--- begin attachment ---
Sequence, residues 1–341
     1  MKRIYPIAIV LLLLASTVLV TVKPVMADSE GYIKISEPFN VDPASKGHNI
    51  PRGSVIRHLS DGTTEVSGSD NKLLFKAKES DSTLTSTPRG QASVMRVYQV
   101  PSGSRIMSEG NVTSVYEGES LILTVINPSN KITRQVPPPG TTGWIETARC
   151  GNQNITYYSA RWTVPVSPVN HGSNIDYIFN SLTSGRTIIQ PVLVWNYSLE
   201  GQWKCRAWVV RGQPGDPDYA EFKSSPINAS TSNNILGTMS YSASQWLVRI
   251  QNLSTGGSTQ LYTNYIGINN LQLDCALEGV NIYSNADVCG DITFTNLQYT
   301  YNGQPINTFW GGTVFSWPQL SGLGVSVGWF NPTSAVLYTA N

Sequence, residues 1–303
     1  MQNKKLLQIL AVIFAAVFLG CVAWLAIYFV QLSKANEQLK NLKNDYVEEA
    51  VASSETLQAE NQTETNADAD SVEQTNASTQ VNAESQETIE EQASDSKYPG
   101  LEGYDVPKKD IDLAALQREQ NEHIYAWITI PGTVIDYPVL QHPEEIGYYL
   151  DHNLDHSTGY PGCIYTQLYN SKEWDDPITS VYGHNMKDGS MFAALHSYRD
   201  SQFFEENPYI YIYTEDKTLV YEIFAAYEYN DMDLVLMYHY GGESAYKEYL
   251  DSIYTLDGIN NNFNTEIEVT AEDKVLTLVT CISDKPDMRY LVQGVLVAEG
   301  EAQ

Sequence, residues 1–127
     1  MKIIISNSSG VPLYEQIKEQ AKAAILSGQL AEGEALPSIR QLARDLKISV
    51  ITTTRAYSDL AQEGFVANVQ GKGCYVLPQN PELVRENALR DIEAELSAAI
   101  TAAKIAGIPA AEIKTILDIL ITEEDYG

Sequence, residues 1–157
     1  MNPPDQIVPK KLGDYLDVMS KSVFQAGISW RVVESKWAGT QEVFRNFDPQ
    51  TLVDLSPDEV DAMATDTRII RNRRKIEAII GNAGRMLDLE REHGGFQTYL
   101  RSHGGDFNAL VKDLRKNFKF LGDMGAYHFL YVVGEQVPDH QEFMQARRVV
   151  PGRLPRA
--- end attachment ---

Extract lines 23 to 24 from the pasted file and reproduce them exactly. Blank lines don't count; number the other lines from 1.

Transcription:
    51  TLVDLSPDEV DAMATDTRII RNRRKIEAII GNAGRMLDLE REHGGFQTYL
   101  RSHGGDFNAL VKDLRKNFKF LGDMGAYHFL YVVGEQVPDH QEFMQARRVV